Krakow's mini-boom in IT attracts Polish and foreign techies
Some 70 multinational firms have opened, employing 20,000 skilled workers – Poles and foreigners alike – in Krakow, which some call a small Silicon Valley of Central Europe.
(Page 2 of 2)
The Krakow setting is key to drawing “people smarter than us that [keep] the company growing … and improving, says Mr. Burkot.Skip to next paragraph
Good Reads: From Afghan interpreters, to Internet battles, to submarine history
Rebels in South Sudan state massacre hundreds, hit oil industry
Refugee crisis threatens to topple Jordan's economy
Macedonia's Gruevski looks set for double election win, but... (+video)
How Easter, V-E day may affect Ukraine crisis
Subscribe Today to the Monitor
“It’s all city, city, city,” says Ramon Tancinco, head of strategy and business development in central Europe for Cisco. He spent two years on a team deciding where to locate the office, and landed on Krakow. “We look at regions not countries, and Krakow is at an East-West corridor and in a stable EU country. When you bake in the student population, that’s very strong.”
Indeed, the area is low income and high education – some 400,000 students live in the corridor between Krakow and Wroclaw – giving it a dense population base that overseas firms call “sustainable advantage.” And the city’s old square with its 11th and 14th century churches and charms and endless cafes are not lost on firms. For example, Kazimierz, the old Jewish quarter made famous in the film Schindler’s List, is rid of its postwar thuggish character and is a cultural center.
The city’s international draw, too, is key, says Elaine Barnes, a senior manager at Element14. “We need 23 languages in one city. English is the business language, German is No. 2. We looked at Hungary and Finland, Sweden, and Poland. The Czech Republic. We couldn’t find the breadth of language anywhere else [but Krakow].”
The ferment of brain gain among European youth and IT wonks and mavens may be in the air. Yet – like visiting any school classroom to “see” education – it is often difficult to instantly quantify something as amorphous as “brain gain” taking place.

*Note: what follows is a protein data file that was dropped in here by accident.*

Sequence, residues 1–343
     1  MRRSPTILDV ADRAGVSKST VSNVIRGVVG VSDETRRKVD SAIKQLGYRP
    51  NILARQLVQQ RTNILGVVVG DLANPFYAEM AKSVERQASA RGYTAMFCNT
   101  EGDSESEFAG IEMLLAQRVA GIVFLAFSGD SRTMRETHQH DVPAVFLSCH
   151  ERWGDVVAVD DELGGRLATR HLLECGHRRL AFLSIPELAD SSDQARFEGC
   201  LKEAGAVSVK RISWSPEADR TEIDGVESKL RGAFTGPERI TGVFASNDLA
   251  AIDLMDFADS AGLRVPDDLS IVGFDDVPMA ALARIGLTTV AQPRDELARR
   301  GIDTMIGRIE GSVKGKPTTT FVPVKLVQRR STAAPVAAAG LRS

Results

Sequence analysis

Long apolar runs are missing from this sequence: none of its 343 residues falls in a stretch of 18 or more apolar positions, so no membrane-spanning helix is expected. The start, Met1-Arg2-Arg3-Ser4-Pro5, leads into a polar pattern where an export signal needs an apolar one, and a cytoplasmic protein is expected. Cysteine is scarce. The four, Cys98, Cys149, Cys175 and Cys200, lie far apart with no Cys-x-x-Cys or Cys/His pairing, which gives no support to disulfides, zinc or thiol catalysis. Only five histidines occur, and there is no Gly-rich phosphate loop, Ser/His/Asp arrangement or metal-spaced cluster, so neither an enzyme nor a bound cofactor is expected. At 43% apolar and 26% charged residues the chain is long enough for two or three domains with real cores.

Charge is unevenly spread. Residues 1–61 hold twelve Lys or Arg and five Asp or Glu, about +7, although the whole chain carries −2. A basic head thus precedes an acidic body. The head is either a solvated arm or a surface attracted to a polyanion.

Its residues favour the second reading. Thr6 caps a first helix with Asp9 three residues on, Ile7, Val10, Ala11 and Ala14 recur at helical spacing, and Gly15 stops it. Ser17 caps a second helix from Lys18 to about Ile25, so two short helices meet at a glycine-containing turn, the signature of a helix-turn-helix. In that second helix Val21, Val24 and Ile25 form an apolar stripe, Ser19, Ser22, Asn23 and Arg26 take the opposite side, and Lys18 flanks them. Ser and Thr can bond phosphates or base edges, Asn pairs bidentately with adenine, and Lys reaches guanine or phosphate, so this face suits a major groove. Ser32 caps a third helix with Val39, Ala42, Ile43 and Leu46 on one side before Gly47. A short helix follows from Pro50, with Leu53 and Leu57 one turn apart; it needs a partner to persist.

Google’s Burkot suggests that brain gain is “incremental in Poland.”
His colleague Tancinco thinks he sees it, though. “The empirical evidence of gain in Krakow is that when I came here four years ago there was one venture capitalist. Now there are six or seven. That is a barometer. Venture capitalists need to see a talent pool of emerging firms with good ideas or they won’t come. You need to see an incubation, a pool of start ups to be the next ‘whatever.’ ”
And, another plus for Krakow’s continued boom is that hasn’t recorded the corporate horror stories heard nearby out of Ukraine or Russia. There is less mafia and corruption. “Go east of here and it is a wilder ride,” says one analyst.
“There is no support for gangsters here, I’ve never been shaken down or been told to give a bribe,” says Richard Lucas, a British citizen who owns 11 companies in Krakow and has been here 21 years.
One bit of learning gained by Mr. Wasilewski, who moved from Warsaw (Poles may seek work overseas but are often reticent to move internally) to Krakow, is about practice. He assumed there was a set of general rules applicable everywhere in the industry he works. But he found out differently.
The US firm he worked for in Warsaw stressed getting jobs done simply. “They wanted us not to make work complicated by adding structure, but to be efficient and nice to the customer. The focus on being direct and pleasant was a big thing to learn,” he says. “That was new."
“But they have a different way of resolving client problems than the European firm I work with now. The Americans wanted me to be a buffer, to dissolve problems. But this European firm wants client problems reported directly to the front line. They say, ‘put us in direct touch, don’t filter.’”
Tancinco from Cisco suggests that Krakow’s advantages are growing geometrically as hires from abroad accumulate here. The bulk of new hires “spent time overseas,” he says, and they add breadth to local know-how and an intangible element that allows them to be effective in a multinational company.
“With a broader perspective, you learn to work around problems, not to take ‘no,’ or to treat petty issues as final … [whereas] working around problems is more difficult if you don’t have a broader view.”
He adds a caveat: “What I haven’t yet seen are professors starting companies. At MIT, everyone has a side business. In Poland, it is still either-or, business or classroom. Silicon Valley is all about ‘And.’"
“But this may change. We’ll see.”